MLS stands for Multiple Listing Service. The MLS is a private database that is created, maintained and paid for by real estate professionals to help their clients buy and sell property. Buyers and sellers can work with the professional of their choice, confident that they have access to the largest pool of properties for sale in the marketplace.
Why the MLS works for home sellers:
The whole MLS idea is a boon to sellers because of “supply and demand.”
How can you, as a seller, get access to the largest number of buyers? Placing an ad in a newspaper? Or putting your home information into a computer accessible by every MLS member who will show your property to their qualified buyers in your price range?
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It’s not required, but it is a good idea. Following the inspection, the home inspector will be able to answer questions about the report and any problem areas. This is also a good opportunity to hear an objective opinion about the home you’d like to purchase and it is a good time to ask general maintenance questions.
Your home should fit the way you live, with spaces and features that appeal to the entire family. Before you begin looking at homes, make a list of your priorities: location, size, lot, amenities, etc. Establish a set of minimum requirements and a “wish list”. Minimum requirements are things that a house must have for you to consider it, while a “wish list” covers things that you’d like to have but aren’t essential.
In order to determine how much you can afford, we need to understand debt to income ratios.
First, we must determine what your gross annual income is and divide that income by 12. (12 months)
Second, we must determine your long term debt. For example: home mortgage (principal & interest), taxes & insurance (T & I), school loan, car loan, credit card debt, etc. and calculate the monthly payments.
Third, the debt to income ratio is established by dividing the monthly debt by the monthly income. The debt to income ratio should, in most cases not exceed 35%.
Forth, if the debt to income ratio is 35% or less and your credit rating is decent, there is a good chance you will be able to get approved for a mortgage loan.
Price and condition are the two most important factors in selling a home, even in a down market. The first step is to price your home correctly. Use comparative sales information from your agent, or pay for a professional appraiser to objectively evaluate your home’s worth. Second, go through the house and repair any obvious cosmetic defects that could deter a buyer.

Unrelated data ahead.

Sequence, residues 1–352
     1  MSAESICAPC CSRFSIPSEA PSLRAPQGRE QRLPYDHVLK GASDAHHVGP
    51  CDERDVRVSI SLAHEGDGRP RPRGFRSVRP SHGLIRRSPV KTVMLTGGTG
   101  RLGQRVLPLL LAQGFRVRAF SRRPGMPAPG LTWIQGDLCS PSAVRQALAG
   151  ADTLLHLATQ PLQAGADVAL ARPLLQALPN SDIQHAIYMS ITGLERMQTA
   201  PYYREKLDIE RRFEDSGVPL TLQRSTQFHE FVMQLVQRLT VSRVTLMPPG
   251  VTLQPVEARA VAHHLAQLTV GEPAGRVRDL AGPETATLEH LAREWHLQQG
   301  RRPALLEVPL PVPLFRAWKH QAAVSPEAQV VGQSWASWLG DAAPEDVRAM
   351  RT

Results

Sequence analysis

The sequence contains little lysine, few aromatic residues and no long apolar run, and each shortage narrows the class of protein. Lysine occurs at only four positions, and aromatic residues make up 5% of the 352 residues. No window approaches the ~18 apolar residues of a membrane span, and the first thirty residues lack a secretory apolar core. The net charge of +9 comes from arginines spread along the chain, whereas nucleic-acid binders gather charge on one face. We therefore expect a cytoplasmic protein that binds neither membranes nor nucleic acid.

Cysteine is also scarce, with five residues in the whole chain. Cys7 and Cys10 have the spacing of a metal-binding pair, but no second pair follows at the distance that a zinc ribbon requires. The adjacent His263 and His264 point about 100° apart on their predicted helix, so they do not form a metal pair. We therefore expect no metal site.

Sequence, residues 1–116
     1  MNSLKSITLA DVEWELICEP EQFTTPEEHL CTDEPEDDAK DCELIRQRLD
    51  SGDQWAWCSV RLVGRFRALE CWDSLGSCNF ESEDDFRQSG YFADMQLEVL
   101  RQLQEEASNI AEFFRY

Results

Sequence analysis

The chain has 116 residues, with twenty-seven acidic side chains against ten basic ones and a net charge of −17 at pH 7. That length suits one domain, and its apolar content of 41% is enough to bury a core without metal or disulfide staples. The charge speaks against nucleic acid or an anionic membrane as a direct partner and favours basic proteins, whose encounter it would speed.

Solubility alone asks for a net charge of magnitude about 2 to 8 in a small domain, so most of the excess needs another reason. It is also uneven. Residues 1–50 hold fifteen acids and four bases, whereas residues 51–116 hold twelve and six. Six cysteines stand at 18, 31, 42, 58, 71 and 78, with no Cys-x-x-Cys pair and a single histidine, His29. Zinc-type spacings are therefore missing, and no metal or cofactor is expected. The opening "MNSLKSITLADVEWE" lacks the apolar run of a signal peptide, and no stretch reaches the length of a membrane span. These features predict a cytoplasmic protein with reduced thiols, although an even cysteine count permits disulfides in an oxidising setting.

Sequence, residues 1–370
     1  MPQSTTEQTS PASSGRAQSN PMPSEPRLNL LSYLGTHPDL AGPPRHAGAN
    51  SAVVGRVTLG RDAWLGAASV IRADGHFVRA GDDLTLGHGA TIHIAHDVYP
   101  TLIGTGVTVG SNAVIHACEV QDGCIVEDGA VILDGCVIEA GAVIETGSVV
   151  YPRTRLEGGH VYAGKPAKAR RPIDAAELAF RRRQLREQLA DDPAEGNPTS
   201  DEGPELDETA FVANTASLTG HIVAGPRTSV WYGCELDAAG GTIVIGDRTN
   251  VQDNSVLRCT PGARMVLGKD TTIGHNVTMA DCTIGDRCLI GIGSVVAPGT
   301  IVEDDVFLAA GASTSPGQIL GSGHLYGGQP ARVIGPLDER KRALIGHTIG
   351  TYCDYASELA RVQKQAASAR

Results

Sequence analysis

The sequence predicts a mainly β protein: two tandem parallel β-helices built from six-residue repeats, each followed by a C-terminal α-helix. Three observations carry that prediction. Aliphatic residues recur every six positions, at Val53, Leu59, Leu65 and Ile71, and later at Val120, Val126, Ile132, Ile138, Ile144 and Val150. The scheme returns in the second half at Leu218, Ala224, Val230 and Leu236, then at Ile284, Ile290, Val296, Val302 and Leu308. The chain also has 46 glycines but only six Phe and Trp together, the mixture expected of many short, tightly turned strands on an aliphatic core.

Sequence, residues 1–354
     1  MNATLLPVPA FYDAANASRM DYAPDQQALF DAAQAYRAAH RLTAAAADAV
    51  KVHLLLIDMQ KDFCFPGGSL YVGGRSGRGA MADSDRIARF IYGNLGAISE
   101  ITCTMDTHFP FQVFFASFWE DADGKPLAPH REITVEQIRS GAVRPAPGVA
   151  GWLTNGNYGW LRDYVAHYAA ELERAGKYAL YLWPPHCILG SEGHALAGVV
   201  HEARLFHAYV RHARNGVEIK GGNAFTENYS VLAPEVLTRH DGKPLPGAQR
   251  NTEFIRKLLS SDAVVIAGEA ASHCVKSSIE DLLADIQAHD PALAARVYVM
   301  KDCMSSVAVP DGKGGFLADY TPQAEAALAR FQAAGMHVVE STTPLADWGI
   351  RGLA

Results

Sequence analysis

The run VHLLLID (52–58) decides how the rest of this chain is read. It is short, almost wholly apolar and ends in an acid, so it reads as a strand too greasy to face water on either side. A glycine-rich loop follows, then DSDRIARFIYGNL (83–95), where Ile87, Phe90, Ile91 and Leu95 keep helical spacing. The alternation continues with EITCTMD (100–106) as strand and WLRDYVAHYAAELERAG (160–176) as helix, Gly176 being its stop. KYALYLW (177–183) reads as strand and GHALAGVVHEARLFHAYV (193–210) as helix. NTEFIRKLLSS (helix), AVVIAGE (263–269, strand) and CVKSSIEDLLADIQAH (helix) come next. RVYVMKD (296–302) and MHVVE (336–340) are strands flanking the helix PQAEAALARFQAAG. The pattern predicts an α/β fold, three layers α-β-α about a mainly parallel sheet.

In a down market, you may have to consider lowering your price and/or making a major repair, such as replacing the roof, in order to lure a buyer. Also, make sure that your home is getting the exposure it deserves through open houses, broker open houses, advertising, good signage and a listing on the local multiple listing service or online listings provider.
Depreciation of property value is the decrease or dip in the selling value of your home. This is calculated as the ‘factor’ product of the total value of the property with the age of construction. It is important to understand that depreciation factor remains valid for the concrete structures and not the land.
Old homes offer charm, new homes offer higher value…or at least that is what many buyers think. The truth is that value may be in the eye of the beholder. However, here are a few things to think about when discerning value in a new home versus and old one.
Most people would consider a new home more valuable because there should be no major expenses in the first several years of ownership. Unfortunately, almost all the major components of a house have a life expectancy. So, a house that is 30 years old may be equally renovated and just as updated as a new home. The usual big ticket expenses are windows, roof, siding, and HVAC. An older home may be just as valuable as a new home if these features are up to date and concern for maintenance costs is minimal.
In general terms, a broker is someone who buys and sells things on behalf of others. They are the middlemen between two parties. In stock market jargon, a broker is an individual or a firm that executes ‘buy’ and ‘sell’ orders for an investor for a fee or commission. Besides executive client orders, some brokers also provide additional services such as research, intelligence, investment plans, margin funding and such other value-added services.
Getting a home loan, or any loan for that matter is time consuming and often requires a lot of patience. From incomplete information to missing documents, your home loan might be out on hold for numerous reasons. Though banks offer pre-approved loans and other features like applying for a home loan through net banking, none of these offers eliminate the need for document submission, verification, and other such requirements that are mandatory.